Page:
Tuesday, February 20, 2018

Being 'Opposite'

Rolling up her sleeves to tuck into a large Belgian Chocolate Waffle. 
Last Friday they celebrated family day in DD's school. It's the same programme every year but with a different theme. Every year they invite the children to bring in their grandparents or an uncle, aunt or cousin. There's an assembly, they go to the classes and hear stories from the grandparents on the theme, and there's food (obviously).

It's a nice morning. I enjoyed it the first year. The second year was a bit samey. By the third year I really didn't need to go and meet everyone's grandparents again - especially as we have no relatives in the country to bring.

I have some second cousins but not in Jerusalem. Anything further than second cousins I probably wouldn't even know and would include half of the Jews from London probably. I had a friend in primary school whom I used to dance with in country dancing lessons, who turned out to be my third cousin. We had no idea at the time. My Dad sat next to his Dad in synagogue for 30 years and they had no idea that they were second cousins. It gets ridiculous after a generation or two.

So last year in Third Grade, DD went but I didn't. This year she didn't feel the need to go either so we went out for waffles for breakfast to celebrate our family of two.

A word on the waffles. I'm not eating sugar so I went for a savoury waffle. DD's waffle was far too big for one meal so we had half of it wrapped and we took it home. She ate the other half for breakfast on Saturday morning. She didn't need chocolate covered waffle for breakfast two days in a row.

One option is for two people to share one dish - they happily provide two plates for this purpose. But if they sold a reasonable portion for one serving at half the price, we'd definitely go more often. Especially as this was our second eating out in the past couple of weeks. The first time when DD said she wanted a waffle, I said she could have it for dessert. The pizza she ordered for her main course was way too big for her to finish and we brought half of that home with us too. We never got to the waffle. On Friday I said she could go straight for the waffle. Seriously though, half the mains and half the dessert for the same price would be preferable and we really would do it more often.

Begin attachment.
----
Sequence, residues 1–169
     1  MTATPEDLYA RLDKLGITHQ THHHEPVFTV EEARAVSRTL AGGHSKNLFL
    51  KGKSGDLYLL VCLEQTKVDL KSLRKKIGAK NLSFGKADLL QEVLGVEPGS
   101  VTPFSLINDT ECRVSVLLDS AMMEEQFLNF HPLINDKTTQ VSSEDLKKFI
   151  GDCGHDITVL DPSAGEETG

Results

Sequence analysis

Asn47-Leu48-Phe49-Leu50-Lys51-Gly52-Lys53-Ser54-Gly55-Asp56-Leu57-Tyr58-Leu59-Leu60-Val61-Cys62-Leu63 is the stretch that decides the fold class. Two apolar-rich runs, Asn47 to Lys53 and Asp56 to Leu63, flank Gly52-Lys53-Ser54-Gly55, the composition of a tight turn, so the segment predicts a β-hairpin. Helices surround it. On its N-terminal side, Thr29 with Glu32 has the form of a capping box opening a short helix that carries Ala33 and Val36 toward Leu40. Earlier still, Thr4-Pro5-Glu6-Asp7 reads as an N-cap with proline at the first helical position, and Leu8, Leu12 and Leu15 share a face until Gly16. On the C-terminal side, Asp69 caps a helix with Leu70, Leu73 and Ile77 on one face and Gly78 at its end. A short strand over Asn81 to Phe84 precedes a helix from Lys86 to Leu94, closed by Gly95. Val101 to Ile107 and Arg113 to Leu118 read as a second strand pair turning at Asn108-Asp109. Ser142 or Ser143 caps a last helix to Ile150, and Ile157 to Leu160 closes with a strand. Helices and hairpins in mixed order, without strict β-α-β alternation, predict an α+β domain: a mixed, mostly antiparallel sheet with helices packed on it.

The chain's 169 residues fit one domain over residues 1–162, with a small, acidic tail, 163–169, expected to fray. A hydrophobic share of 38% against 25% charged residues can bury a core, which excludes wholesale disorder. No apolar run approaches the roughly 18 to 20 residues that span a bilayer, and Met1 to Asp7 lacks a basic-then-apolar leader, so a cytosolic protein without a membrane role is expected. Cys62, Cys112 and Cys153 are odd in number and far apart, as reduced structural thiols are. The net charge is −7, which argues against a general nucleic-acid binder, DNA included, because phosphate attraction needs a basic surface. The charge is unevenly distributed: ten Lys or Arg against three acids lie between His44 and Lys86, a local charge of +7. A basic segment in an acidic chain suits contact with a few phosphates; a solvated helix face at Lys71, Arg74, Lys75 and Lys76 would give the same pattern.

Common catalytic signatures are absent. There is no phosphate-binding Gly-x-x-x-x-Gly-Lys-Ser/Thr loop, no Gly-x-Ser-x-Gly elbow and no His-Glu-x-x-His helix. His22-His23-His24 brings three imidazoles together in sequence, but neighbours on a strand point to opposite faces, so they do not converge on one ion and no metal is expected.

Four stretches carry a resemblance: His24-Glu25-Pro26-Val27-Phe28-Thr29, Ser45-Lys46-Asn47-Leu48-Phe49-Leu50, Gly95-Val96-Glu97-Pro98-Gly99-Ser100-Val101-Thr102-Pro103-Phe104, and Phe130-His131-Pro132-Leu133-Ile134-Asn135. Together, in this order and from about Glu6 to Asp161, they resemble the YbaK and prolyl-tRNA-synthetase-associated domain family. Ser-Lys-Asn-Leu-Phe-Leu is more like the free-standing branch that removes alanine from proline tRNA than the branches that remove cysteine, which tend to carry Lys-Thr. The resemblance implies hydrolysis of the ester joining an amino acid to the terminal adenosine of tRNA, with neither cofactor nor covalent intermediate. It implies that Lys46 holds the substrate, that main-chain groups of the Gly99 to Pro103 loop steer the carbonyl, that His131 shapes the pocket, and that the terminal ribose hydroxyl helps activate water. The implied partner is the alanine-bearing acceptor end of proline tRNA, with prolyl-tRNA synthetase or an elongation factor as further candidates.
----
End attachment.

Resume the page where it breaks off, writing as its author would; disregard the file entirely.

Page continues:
Today the Purim festivities started. DD's school have a dressing up theme for each day until they break up for the Purim holiday next Tuesday. Today was pyjama day. I put clean pyjamas, Ugg slippers, and her big fluffy dressing gown on the bed this morning in case she wanted to wear them for school. I knew she wouldn't. She came out in normal school clothes.

DD: Do I have to go to school today?
Me: Yes.
DD: I don't want to be the only one not in pyjamas.
Me: So wear pyjamas.
DD: No, I don't want to. It's silly.

DD never dresses up - she hates it. She's the only one in the whole school not in costume on the day of the Purim Parade and she doesn't care. The first time she refused to wear a costume was when she was two. I cried. After that I provided a costume each year which she hardly wore - only if bribed strongly urged to by the teacher. After that I gave up. Each year we go to the costume shop to look at costumes. I tell her she can have anything she wants. She won't choose anything. End of.

One of the things about Purim is to be silly. The idea is to be 'opposite'. I think it's because, in the story, the Persian minister wanted to kill the Jews but in the end, the minister and his sons were executed instead and the Jew became a Persian minister. So we dress up and let ourselves do things we wouldn't ordinarily do like eat and drink too much (haha, that's a joke).

As she walked out the door, DD said to me, "Well I am joining in sort of. I'm being 'opposite'."